WCBA & Industry News

Knysna Beekeepers Win US Honey Award

Knysna beekeepers, Owen and Christa Williams, might be long-established beekeepers but they are complete newbies to the world of honey competitions – but that didn’t hold them back.

To their astonishment, they recently won a top award at a leading international honey competition in the United States. It was the first time they had ever subjected their honey to a judging panel’s scrutiny!

The competition – known as The Black Jar Honey Contest – is organised by the Centre for Honeybee Research, based in Asheville, North Carolina.  The Williams’ won in the African honey category.

Owen is modest about the achievement, describing the winning honey as one of their “stock standard multifloras”.  He mischievously adds “the exceptional stuff was not ready for harvesting by entry cut-off date!”.

The Black Jar Honey Contest started out as a local honey competition, but this year entries were received from countries all over the world including Brazil, Canada, Scotland, Egypt, Kenya, Hong Kong and Hungary. The grand prize is $5,500.

The organisers say the major goal of the contest is to educate the public how pure, unblended honey reflects the unique terroir of the regions in which they are produced. Judging takes place via a blind tasting with black straws so the colour of the honey is not discernible.

Owen says he wasn’t even planning to enter the competition, but did so after some prodding by the director of the Centre for Honeybee Research, Carl Chesick. He met Chesick in South Africa in 2009 when the US scientist was doing some research on the Cape honeybee.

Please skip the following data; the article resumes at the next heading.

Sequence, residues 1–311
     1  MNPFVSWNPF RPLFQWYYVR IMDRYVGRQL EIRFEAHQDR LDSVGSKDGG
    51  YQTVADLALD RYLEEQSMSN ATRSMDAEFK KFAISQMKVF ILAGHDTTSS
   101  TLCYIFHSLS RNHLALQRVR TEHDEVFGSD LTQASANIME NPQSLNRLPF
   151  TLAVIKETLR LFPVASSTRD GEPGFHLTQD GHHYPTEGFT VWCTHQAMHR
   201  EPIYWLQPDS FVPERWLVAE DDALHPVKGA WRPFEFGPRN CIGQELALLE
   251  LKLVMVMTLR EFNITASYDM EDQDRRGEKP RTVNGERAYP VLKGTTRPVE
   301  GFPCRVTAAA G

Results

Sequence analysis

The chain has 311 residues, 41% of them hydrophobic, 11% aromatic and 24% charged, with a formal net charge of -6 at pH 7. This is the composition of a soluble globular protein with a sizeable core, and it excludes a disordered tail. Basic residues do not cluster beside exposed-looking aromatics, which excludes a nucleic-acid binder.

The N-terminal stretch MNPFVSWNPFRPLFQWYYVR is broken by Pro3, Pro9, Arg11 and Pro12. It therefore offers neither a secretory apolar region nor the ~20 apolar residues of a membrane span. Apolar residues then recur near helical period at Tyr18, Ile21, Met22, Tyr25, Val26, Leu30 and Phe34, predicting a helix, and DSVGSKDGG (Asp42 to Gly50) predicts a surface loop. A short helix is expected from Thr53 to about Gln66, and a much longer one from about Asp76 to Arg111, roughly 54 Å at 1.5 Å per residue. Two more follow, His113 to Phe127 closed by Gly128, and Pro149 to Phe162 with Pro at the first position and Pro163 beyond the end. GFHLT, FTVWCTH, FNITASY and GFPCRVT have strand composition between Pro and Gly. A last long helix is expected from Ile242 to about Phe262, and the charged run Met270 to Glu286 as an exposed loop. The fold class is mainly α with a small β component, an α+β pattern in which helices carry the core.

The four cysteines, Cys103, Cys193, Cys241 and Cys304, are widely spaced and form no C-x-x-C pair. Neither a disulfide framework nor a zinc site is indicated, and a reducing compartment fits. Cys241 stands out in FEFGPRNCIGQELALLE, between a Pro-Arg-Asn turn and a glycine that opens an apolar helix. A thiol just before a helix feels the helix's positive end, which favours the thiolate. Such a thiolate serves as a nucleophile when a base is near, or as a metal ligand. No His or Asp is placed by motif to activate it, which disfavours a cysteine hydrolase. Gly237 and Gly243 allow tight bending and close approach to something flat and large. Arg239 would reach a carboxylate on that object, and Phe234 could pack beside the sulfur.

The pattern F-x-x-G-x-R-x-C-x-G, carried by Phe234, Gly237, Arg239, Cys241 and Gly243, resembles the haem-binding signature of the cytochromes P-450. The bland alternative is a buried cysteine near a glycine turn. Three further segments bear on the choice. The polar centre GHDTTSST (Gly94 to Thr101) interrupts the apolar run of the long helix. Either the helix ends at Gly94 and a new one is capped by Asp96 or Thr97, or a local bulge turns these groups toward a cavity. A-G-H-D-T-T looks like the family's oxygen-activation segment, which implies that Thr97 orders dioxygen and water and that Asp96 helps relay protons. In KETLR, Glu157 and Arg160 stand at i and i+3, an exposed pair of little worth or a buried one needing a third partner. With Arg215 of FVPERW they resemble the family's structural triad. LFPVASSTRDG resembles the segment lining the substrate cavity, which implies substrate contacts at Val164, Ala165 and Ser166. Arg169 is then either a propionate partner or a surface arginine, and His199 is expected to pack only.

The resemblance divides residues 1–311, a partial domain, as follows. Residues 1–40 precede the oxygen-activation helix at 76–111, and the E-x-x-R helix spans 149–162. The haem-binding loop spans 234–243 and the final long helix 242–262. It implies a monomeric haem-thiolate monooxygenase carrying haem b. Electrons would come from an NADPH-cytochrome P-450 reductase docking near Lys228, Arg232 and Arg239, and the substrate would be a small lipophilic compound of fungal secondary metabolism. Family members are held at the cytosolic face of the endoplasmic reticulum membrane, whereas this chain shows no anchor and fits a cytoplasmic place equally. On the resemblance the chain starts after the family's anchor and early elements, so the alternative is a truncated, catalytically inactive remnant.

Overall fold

Owen says “there’s obviously tremendous marketing clout that comes with an award”, but the winning honey was no different from what his customers normally receive. He and Carla, who own a company called Honeychild, have always stuck to the belief that only 100% capped honey should be removed from the hives.  “Even with hundreds of hives we still select frames individually,” he adds.

Two beekeepers from the Knysna area, both trained by Owen, have previously won awards in The Black Jar Honey Contest.  While Owen believes the Knysna area does produce honeys of distinction, he maintains that honey “from every biome in South Africa is just as special”. 

Owen reckons there are 15 to 20 different honeys along the Garden Route alone. He says Karri gum (Eucalyptus diversicolor) has traditionally produced the “most sublime  honey” but that its days are numbered because of the wholesale felling of the trees.  Sharing the frustration of so many fellow beekeepers in South Africa, Owen says the Karri gums “are being culled increasingly due to misinformation or rather withholding information from landowners by alien clearing agencies. Landowners are not advised they can apply to the Department of Environmental Affairs for ‘departures’ to retain and manage existing trees”.

Owen spirits lighten again when he returns to the subject of South African honey, of which he is clearly extremely passionate. He encourages other beekeepers to enter competitions like The Black Jar Honey Contest.

“We clearly produce very small quantities of exceptional honey and this really should be exported at a respectable price. This would allow many more artisanal honey-producing beekeepers,” he says.

Once again echoing the sentiments of his fellow beekeepers, Owen takes a swipe at the price South African honey generally fetches: “We have gold then sell it at the price of plastic!”

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